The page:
Mazda Has the Zoom-Zoom in its Product Line

We need to give the Mazda North American Operations team a lot of credit. Not too long ago Mazda’s position in the United States was tenuous at best, with some analysts, including this one openly wondering if the company would exit, stage right, ala Suzuki, Isuzu and Daihatsu.

Instead of retreating, Mazda is following in the footsteps or the smoothly paved road of another smaller Japanese competitor: Subaru. Unlike Toyota, Honda and Nissan, both of the lesser manufacturers have had to become innovative and creative in order to survive a tough market. Subaru has won people over with its mostly all-wheel drive product line and high quality, while Mazda operates in a variety of segments, always desiring to advance its zoom-zoom mantra wherever it goes.

Mazda CX-3

This CX-3 is one of two new models released by Mazda this year.


Because Mazda is so small — the company sells half as many vehicles as Ford builds F-Series pickup trucks in a year — the automaker has to work vigorously. Thus, getting one new model to the market in a given year takes much effort. And introducing two new models within a few months is simply astonishing.

But that is what Mazda has done with its Miata MX-5 sports car and its all-new CX-3 crossover. No, this writer has yet to drive either model, but the press coverage from my colleagues has been nothing short of overwhelmingly positive.

Toyota to the Rescue

For Mazda to survive in what is arguably the toughest automotive market in the world, it needs to show much ingenuity as well as pluck and determination. It also must maintain pressure on its existing product line, to ensure that its deep-pocketed competitors never get the upper hand.

However, one deep-pocketed competitor has chosen to look at Mazda more as an ally instead of as a threat.

Specifically, Toyota is working with Mazda to plug some of the inconsistencies in its own lineup. An example of this can be found in the Scion iA, a subcompact model based on the Mazda2. Mazda no longer directly sells its smallest model in the US, but in the body of the diminutive Scion it still does. That stipulation yielded an undisclosed amount of money for Mazda, funds it sorely needs and can use elsewhere in the Mazda cosmos. Mazda will also lend Toyota its expertise with all things SKYACTIV, specifically its fuel efficient engines and transmissions. About Toyota can you say, “cash cow?”

Product Line Changes

For its remaining product line, Mazda is not sitting still. Indeed, its best selling Mazda3 line will experience several updates for 2016, including the addition of rear view cameras and new sport and touring equipment packages. Those Sport and Touring packages will also find a way to the Mazda6, its beautiful midsize sedan. Look for new color screen options, LED lighting updates and a sport mode button, among other changes of note.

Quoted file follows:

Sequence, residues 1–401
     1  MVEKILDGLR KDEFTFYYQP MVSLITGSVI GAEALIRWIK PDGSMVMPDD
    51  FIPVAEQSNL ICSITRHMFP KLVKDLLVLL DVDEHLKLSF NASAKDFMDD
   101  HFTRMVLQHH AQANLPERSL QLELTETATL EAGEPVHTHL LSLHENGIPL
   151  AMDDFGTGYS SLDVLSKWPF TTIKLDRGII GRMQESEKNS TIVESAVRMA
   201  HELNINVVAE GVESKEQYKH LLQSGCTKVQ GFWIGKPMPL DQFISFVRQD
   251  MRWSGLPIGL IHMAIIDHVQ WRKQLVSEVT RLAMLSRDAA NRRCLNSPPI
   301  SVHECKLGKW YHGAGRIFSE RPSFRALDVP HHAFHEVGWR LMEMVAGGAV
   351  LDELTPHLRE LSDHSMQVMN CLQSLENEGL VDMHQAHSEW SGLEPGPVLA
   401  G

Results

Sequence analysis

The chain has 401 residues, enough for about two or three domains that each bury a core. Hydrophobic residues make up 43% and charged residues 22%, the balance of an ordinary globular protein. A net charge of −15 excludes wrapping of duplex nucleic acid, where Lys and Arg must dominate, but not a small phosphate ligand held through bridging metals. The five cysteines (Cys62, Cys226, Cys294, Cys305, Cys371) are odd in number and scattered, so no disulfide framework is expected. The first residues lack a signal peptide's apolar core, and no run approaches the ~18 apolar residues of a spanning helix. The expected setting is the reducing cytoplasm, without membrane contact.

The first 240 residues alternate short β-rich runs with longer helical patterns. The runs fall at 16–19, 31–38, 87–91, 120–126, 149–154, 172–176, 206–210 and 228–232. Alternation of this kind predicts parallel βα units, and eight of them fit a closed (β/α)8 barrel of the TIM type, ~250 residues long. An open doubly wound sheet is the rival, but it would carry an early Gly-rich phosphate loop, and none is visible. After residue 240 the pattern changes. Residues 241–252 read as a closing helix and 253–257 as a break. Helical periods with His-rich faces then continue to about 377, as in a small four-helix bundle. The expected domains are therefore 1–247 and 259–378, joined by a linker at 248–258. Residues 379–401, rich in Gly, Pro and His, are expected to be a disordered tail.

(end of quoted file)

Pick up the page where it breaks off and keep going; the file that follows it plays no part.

Where the Mazda CX-3 now competes with the smallest crossovers, including the Fiat 500X, the Jeep Renegade, Honda’s CR-V and the Nissan Juke among others, its compact CX-5 gains a larger and more powerful 2.5-liter four-cylinder engine. Moreover, this model receives a new cloth seat design, a standard rear view camera, and offers three new packages. For example, the GT technology package brings in LED lighting , radar cruise control, smart brake support with collision warning, lane departure warning and high beam control. You should know that not every package is available across the product line.

Mazda Koeru Concept

Just as Mazda has added two models it is also discontinuing one model, the Mazda5. That multi-purpose vehicle is essentially a minivan and operates in a segment that continues to shrink. At the same time, Mazda is looking at a replacement for its largest SUV, the CX-9. Indeed, the Koeru concept will bow at the Frankfurt Motor Show, pointing to a possible replacement model yet more proof that Mazda intends to remain competitive.

Photo courtesy of Mazda North American Operations. 

Author: Matthew Keegan
Matt Keegan has maintained his love for cars ever since his father taught him kicking tires can be one way to uncover a problem with a vehicle’s suspension system. He since moved on to learn a few things about coefficient of drag, G-forces, toe-heel shifting, and how to work the crazy infotainment system in some random weekly driver. Matt is a member of the Washington Automotive Press Association and is a contributor to various print and online media sources.

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